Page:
Janteloven.

by Evans Yonson

Barcelona – One of the best reasons why I love Denmark and why I have been to Copenhagen twice in less than a year is my dear friend, Marie. I met Marie in Manila almost a decade ago and since then we never failed to communicate despite our distance then. We immediately clicked on our first outing in Manila. We watched The Vagina Monologues and we never stopped laughing since then. With Marie there is simply no dull moments. You can talk to her about anything and everything under the sun. When I visited Marie and her husband, Henrik, in December, she lent me a book about some interesting facts about the Danes. One of these is Janteloven -the law of Jante.

I have read somewhere that Janteloven is not exclusively Danish. It is a pattern of group behavior among the Scandinavian communities Janteloven for Norwegians and Danes; Jantelagen for Swedes; Janten lakifor the Finns; and, Jantulóginfor the Faorese. It negatively portrays and criticizes success and achievement as unworthy and inappropriate.

It has been observed as a form of behaviour for centuries, but an author identified it as a series of rules, the Jante Law, in his novel En flyktning krysser sitt spor, 1933, English translation published in the USA in 1936, A fugitive crosses his tracks. Aksel Sandemose’s novel portrays the small Danish town Jante where nobody is anonymous.

Others see it negatively but I believe if everyone will start adhering to Janteloven then life would be less complicated and harmonious at the same time.

The term may be used by those individuals who feel they are not allowed to take credit for their achievements, or to point out their belief that another person is being overly critical.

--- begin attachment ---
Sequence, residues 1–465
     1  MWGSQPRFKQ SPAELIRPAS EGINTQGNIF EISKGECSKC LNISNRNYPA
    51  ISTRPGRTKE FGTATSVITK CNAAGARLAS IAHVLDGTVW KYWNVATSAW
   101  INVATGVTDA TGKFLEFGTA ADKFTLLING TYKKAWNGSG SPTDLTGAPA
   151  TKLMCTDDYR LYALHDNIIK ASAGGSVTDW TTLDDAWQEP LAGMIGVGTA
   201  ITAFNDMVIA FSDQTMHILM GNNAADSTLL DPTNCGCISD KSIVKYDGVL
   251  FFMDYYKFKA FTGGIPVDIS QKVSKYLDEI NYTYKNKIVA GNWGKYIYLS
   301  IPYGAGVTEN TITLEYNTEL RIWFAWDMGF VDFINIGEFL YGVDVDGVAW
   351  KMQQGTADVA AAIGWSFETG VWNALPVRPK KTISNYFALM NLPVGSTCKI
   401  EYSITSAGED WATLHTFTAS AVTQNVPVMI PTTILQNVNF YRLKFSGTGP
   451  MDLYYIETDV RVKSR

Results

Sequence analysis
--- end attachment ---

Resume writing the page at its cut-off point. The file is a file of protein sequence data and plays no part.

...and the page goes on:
1. You must believe everybody is somebody.

2. You must believe everyone is as important as everyone else.

3. You may  be cleverer, but that does not make you a better person.

4. You must believe everyone is as good as you.

The word “Probably” in Carlsberg slogan is an example that I could think of. Carlsberg is a Danish brand.

5. You must believe everyone knows something worth knowing.

6. You must think of everyone as your equal.

7. You must believe everyone can be good at something.

8. You must not laugh at others.

Laughing at something is good. But laughing at someone is another matter.

9. You must think everyone is equally caring about.

They don’t demand too much but they also deserve our respect and attention.

10. You can learn something from everyone.

Raise your flag. Wave your flag. One of those things that I learned in my visit is the pride of one’s national flag and identity. But raising the flag could mean many things in Denmark. Just the same, the sense of pride is felt.

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